Cytoscopy

What is a Cystoscopy?

A cystoscopy is an examination of the inside of the bladder and urethra, the tube that carries urine from the bladder to the outside of the body. In men, the urethra is the tube that runs through the penis. The doctor performing the examination uses a cystoscope-a long, thin instrument with an eyepiece on the external end and a tiny lens and a light on the end that is inserted into the bladder. The doctor inserts the cystoscope into the patient’s urethra, and the small lens magnifies the inner lining of the urethra and bladder, allowing the doctor to see inside the hollow bladder. Many cystoscopes have extra channels within the sheath to insert other small instruments that can be used to treat or diagnose urinary problems.

A doctor may perform a cystoscopy to find the cause of many urinary conditions, including:

    frequent urinary tract infections
  • blood in the urine, which is called hematuria
  • a frequent and urgent need to urinate
  • unusual cells found in a urine sample
  • painful urination, chronic pelvic pain, or interstitial cystitis/painful bladder syndrome
  • urinary blockage caused by prostate enlargement or some other abnormal narrowing of the urinary tract
  • a stone in the urinary tract, such as a kidney stone
  • an unusual growth, polyp, tumor, or cancer in the urinary tract

What are the preparations for a cystoscopy or ureteroscopy?

People scheduled for a cystoscopy or ureteroscopy should ask their doctor about any special instructions. In most cases, for cystoscopy, people will be able to eat normally in the hours before the test. For ureteroscopy, people may be told not to eat before the test.

Because any medical procedure has a small risk of injury, patients must sign a consent form before the test. They should not hesitate to ask their doctor about any concerns they might have.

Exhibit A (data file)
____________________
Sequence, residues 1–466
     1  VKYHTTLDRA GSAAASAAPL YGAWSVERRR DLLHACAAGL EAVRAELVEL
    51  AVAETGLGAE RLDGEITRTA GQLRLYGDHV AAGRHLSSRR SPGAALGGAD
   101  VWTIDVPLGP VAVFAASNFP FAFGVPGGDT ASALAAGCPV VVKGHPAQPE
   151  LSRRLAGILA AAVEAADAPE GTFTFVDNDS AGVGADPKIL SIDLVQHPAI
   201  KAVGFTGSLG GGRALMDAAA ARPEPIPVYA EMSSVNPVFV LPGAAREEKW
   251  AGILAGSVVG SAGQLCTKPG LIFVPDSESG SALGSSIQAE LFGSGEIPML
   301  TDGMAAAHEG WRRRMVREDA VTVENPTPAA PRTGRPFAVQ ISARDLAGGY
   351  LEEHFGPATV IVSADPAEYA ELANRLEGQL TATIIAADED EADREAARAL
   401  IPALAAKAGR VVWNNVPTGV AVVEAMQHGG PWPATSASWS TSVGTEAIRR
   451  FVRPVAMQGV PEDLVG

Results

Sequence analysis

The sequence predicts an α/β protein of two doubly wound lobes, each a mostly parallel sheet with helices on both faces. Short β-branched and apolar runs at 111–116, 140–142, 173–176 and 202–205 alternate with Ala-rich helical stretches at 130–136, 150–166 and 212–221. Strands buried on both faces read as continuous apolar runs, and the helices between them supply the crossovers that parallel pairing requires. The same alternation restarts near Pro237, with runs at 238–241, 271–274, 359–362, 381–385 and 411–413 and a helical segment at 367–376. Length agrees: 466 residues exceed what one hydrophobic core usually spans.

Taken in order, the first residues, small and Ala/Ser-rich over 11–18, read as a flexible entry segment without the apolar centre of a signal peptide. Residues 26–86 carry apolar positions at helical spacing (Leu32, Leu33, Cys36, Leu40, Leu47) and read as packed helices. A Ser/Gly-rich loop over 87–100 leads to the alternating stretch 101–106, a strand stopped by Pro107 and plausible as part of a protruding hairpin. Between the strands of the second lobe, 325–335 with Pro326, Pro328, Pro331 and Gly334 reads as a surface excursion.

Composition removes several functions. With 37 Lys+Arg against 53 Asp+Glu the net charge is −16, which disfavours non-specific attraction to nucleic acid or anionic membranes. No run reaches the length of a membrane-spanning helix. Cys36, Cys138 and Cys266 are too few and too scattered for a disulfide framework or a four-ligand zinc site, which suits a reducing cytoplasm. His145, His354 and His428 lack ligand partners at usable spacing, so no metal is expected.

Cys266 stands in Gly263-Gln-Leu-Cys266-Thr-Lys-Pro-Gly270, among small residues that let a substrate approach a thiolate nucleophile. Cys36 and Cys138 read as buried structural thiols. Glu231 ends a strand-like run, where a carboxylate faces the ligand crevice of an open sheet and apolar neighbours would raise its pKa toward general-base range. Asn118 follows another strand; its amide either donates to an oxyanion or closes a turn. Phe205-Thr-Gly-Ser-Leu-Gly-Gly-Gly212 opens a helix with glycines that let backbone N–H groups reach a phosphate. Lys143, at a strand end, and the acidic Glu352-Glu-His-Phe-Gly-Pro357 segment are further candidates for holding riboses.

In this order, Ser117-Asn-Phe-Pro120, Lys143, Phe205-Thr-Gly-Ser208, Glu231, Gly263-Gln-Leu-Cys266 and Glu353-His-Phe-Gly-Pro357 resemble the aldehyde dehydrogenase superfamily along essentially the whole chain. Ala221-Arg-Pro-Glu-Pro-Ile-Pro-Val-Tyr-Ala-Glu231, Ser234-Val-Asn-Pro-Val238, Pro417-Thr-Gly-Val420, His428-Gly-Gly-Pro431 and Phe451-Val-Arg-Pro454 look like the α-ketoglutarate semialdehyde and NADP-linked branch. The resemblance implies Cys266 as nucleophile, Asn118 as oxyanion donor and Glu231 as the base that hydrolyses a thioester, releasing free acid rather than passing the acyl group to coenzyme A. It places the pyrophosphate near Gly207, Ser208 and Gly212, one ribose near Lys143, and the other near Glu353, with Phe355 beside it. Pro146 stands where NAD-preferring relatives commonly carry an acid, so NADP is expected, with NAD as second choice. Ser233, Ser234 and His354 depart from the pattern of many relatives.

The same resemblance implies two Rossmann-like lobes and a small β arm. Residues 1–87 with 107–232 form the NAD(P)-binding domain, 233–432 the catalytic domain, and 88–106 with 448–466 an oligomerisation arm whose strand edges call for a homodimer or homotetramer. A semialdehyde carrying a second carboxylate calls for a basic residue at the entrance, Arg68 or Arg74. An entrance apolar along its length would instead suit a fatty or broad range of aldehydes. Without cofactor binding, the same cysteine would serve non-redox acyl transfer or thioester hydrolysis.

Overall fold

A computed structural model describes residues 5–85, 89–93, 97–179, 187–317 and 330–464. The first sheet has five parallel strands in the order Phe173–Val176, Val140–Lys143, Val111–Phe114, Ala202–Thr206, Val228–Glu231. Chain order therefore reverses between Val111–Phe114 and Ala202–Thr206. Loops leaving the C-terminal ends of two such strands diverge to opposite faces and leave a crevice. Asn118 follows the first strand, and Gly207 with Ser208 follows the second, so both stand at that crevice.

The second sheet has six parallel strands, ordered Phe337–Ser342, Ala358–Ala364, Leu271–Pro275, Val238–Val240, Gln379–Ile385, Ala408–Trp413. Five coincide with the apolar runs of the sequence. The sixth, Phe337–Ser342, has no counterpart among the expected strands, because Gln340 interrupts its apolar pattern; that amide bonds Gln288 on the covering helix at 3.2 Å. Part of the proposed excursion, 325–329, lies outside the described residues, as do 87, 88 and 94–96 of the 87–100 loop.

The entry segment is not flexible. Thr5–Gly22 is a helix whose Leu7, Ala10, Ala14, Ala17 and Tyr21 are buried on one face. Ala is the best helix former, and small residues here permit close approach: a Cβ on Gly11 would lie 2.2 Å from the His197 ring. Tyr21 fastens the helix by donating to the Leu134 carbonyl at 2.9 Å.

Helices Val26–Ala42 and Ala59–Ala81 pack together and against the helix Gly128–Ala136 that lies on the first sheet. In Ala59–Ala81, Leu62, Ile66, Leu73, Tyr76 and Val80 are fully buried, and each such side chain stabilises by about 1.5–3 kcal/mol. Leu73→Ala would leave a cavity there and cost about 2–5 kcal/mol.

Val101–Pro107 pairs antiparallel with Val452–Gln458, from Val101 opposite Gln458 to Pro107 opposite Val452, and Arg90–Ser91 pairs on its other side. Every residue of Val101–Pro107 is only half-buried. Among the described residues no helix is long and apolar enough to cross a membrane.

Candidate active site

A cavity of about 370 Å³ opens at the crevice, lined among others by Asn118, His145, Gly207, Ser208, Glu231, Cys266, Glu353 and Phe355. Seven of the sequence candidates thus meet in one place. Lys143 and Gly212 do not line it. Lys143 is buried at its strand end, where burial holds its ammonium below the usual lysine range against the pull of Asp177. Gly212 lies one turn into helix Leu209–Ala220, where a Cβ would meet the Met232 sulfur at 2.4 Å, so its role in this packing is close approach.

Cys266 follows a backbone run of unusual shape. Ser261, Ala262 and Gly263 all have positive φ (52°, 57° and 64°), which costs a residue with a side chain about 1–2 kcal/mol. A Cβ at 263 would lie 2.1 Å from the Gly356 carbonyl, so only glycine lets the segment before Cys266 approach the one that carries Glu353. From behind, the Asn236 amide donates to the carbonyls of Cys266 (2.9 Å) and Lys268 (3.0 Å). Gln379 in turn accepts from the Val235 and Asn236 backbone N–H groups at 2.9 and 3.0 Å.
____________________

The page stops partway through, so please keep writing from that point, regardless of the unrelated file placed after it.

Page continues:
Patients may be asked to give a urine sample before the test to check for infection. They should avoid urinating for an hour before this part of the test.

Usually, patients lie on their back with knees raised and apart. A nurse or technician cleans the area around the urethral opening and applies a local anesthetic so the patient will not experience any discomfort during the test.

People having a ureteroscopy may receive a spinal or general anesthetic. They should arrange for a ride home after the test.

How is a cystoscopy performed?

After a local anesthetic is used to take away sensation in the urethra, the doctor gently inserts the tip of the cystoscope into the urethra and slowly glides it up into the bladder. A sterile liquid-water or salt water, called saline-flows through the scope to slowly fill the bladder and stretch it so the doctor has a better view of the bladder wall.

As the bladder is filled with liquid, patients feel some discomfort and the urge to urinate. The doctor may then release some of the fluid, or the patient may empty the bladder as soon as the examination is over.

The time from insertion of the scope to removal may be only a few minutes, or it may be longer if the doctor finds a stone and decides to treat it. Taking a biopsy-a small tissue sample for examination with a microscope-will also make the procedure last longer. In most cases, the entire examination, including preparation, takes 15 to 30 minutes.

What happens after a cystoscopy or ureteroscopy?

Patients may have a mild burning feeling when they urinate, and they may see small amounts of blood in their urine. These problems should not last more than 24 hours. Patients should tell their doctor if bleeding or pain is severe or if problems last more than a day.

To relieve discomfort, patients should drink two 8-ounce glasses of water each hour for 2 hours after the procedure. They may ask their doctor if they can take a warm bath to relieve the burning feeling. If not, they may be able to hold a warm, damp washcloth over the urethral opening.

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